Browsing by Subject "Rock art"

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  • Rainio, Riitta; Lahelma, Antti; Äikäs, Tiina; Lassfolk, Kai; Okkonen, Jari (2017)
    In northern Finland, near the canyon lakes of Julma-Ölkky, Somerjärvi and Rotkojärvi, steep rock cliffs produce distinctive acoustic spaces. On these cliffs, prehistoric rock paintings (5200 to 1000 BC) as well as an ancient Sámi offering site (circa 1100 to present) can be found. Ethnographic sources describe that the Sámi used to sing and listen to echoes while making offerings there. This article presents the results of an archaeoacoustic research project that seeks to explore the role of sound in the development and use of these archaeological sites. The innovative set of methods includes multichannel impulse response recording, angle-of-arrival estimation of early reflections, spectrum analysis, digital image processing and 3D laser scanning. On the basis of the analyses, it is concluded that the cliffs that have been painted or held as sacred are efficient sound reflectors. They create discrete echoes and, accordingly, phantom sound sources. Especially at the Värikallio cliff near Lake Somerjärvi, the sound appears to emanate directly from the painted figures. These results, together with previously unnoticed drumming figures in the Värikallio painting, provide a clue to the significance of the sound rituals at these sacred sites.
  • Rainio, Riitta; Lahelma, Antti; Äikäs, Tiina; Lassfolk, Kai; Okkonen, Jari (The OTS Foundation, 2014)
    In Northern Finland, by the rock painting of Värikallio (ca. 3000–500 BC), several echoes can be heard. The most remarkable of these appear to be originating from the painted rock itself. The article presents the first results of the research project that seeks to explore the role of sound in the development and use of Finnish rock art and Sámi offering sites. Field recordings, made at the site of Värikallio in summer 2013, are analyzed with a sound analysis and visualization toolkit, and interpreted with the help of GIS data and a 3D model of the site. A probable depiction of a drummer, identified in the painting in the course of the fieldwork, provides a further clue to the significance of sound rituals at rock paintings.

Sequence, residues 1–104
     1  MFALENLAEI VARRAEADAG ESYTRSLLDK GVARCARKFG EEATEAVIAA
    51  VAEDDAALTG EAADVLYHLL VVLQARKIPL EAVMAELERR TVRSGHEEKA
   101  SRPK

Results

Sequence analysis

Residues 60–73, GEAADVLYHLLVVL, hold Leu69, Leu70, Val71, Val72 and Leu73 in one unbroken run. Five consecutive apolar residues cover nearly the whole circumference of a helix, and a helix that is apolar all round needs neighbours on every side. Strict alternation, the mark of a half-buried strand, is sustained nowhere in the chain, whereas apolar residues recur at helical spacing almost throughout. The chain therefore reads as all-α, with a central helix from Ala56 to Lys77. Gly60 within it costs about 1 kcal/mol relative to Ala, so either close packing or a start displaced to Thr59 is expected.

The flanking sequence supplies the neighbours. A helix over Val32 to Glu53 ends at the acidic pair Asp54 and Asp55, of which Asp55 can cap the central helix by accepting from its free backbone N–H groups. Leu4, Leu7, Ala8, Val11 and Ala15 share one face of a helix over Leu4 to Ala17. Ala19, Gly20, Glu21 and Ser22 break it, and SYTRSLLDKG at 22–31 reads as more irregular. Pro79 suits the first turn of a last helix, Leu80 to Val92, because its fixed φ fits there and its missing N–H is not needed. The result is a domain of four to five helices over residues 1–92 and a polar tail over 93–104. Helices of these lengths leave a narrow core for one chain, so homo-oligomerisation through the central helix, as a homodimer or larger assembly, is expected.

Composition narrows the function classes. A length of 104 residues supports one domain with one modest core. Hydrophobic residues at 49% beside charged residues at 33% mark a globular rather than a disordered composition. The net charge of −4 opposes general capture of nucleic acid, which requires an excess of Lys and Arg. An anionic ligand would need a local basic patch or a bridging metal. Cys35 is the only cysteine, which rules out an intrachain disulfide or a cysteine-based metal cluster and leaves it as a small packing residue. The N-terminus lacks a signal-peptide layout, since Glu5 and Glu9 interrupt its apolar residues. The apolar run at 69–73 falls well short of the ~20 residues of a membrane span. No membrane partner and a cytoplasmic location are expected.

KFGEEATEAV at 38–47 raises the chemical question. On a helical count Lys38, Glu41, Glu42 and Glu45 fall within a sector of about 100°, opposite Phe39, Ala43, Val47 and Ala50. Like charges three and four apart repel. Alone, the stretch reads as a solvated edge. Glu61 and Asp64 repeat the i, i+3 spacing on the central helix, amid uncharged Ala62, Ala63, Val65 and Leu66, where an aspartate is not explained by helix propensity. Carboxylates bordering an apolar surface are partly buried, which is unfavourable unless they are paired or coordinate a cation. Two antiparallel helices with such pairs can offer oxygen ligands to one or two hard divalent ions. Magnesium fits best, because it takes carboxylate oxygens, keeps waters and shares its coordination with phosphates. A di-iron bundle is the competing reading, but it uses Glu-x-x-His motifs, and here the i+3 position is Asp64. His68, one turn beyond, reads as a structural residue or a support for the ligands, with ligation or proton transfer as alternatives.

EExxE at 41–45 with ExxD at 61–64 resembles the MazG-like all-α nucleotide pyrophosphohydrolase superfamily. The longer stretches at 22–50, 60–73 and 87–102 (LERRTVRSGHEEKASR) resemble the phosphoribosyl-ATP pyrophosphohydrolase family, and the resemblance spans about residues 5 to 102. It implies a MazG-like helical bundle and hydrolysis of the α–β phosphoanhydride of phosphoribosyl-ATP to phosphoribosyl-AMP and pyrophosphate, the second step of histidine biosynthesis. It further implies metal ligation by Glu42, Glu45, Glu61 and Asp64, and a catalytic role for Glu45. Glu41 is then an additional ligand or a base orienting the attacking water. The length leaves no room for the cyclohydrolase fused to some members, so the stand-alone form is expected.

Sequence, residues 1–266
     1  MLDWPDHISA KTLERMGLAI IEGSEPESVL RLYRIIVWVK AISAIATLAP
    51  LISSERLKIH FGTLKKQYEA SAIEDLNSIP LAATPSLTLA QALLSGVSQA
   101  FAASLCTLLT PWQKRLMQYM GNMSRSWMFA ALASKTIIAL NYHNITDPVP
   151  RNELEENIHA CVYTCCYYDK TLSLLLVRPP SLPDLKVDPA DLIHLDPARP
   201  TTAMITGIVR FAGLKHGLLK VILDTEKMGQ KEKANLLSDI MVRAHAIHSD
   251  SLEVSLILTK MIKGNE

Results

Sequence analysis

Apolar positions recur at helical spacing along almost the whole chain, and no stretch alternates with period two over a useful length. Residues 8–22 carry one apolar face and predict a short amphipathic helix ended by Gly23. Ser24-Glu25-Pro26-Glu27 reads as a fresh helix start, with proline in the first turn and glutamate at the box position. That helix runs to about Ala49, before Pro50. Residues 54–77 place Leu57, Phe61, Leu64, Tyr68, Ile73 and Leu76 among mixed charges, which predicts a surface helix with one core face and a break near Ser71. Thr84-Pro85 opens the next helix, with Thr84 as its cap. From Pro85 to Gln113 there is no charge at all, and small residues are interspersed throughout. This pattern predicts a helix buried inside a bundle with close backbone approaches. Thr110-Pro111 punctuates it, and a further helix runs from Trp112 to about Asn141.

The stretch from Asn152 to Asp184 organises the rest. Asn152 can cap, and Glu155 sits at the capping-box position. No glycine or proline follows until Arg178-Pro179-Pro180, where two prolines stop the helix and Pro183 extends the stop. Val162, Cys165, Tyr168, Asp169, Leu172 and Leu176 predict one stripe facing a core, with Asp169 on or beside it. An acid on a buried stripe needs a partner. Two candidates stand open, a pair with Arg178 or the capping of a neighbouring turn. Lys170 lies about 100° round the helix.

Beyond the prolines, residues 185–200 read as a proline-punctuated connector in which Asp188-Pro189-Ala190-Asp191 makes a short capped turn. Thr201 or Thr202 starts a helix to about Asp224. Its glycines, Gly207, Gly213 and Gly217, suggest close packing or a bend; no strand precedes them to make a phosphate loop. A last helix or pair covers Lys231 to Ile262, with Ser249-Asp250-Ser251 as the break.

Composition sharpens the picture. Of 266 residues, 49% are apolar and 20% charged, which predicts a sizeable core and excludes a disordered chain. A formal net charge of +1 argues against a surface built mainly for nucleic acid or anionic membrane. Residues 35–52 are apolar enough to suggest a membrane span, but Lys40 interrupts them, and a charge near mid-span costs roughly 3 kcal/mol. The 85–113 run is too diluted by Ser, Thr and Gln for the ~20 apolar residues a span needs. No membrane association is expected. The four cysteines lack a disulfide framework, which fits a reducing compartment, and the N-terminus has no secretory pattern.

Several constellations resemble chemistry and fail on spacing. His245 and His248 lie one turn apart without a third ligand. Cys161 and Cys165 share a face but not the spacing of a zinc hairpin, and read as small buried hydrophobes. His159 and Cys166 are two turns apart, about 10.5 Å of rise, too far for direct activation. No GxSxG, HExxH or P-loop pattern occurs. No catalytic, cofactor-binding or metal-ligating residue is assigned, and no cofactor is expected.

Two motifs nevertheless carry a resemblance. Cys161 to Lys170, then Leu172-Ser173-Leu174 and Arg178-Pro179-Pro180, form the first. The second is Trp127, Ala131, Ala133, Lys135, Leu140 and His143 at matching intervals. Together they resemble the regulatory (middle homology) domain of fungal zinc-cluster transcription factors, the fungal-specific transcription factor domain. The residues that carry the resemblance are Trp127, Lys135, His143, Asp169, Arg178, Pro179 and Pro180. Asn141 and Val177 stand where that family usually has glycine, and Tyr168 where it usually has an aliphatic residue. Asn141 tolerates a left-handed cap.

• Lahelma, Antti (2019)
    A wide range of rock art sites associated with hunter-gatherer populations in Northern Fennoscandia depict scenes where men, women and animals (usually elk or deer) are involved in a sexually charged act. For instance, at Namforsen (Sweden) and Kanozero (north-western Russia), elks appear to be 'monitoring' a human couple having sex. Ithyphallic figures accompanied by animals are found at several sites, such as Kanozero, where an ithyphallic figure brandishing an elk-headed staff is faced by a capercaillie. Even acts of zoophilia, or humans in sexual congress with animals, appear to be depicted at a number of sites. These scenes are here approached in the light of an animistic ontology and the notion of perspectivism, introduced by Eduardo Viveiros de Castro, where non-human beings are entangled in social and thus also sexual relations with humans. In the ethnographic sources pertaining to northern circumpolar cultures, hunting is perceived as a sexual act, where each kill involves seducing the prey. In northern and eastern parts of Finland and Karelia, this mentality persisted well into the historical period, as evidenced by hunting spells and ceremonies recorded in the 19th Century.